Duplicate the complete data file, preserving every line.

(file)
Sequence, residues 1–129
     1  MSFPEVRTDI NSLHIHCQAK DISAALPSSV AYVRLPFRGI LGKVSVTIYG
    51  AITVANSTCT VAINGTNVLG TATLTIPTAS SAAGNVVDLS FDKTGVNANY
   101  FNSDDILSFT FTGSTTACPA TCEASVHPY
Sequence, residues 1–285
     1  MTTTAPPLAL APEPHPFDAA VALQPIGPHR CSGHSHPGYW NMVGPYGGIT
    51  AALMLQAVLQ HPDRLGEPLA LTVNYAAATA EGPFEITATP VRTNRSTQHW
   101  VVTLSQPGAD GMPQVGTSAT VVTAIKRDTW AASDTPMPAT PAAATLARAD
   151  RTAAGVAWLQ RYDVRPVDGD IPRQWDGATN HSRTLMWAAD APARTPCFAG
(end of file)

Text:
Sequence, residues 1–129
     1  MSFPEVRTDI NSLHIHCQAK DISAALPSSV AYVRLPFRGI LGKVSVTIYG
    51  AITVANSTCT VAINGTNVLG TATLTIPTAS SAAGNVVDLS FDKTGVNANY
   101  FNSDDILSFT FTGSTTACPA TCEASVHPY
Sequence, residues 1–285
     1  MTTTAPPLAL APEPHPFDAA VALQPIGPHR CSGHSHPGYW NMVGPYGGIT
    51  AALMLQAVLQ HPDRLGEPLA LTVNYAAATA EGPFEITATP VRTNRSTQHW
   101  VVTLSQPGAD GMPQVGTSAT VVTAIKRDTW AASDTPMPAT PAAATLARAD
   151  RTAAGVAWLQ RYDVRPVDGD IPRQWDGATN HSRTLMWAAD APARTPCFAG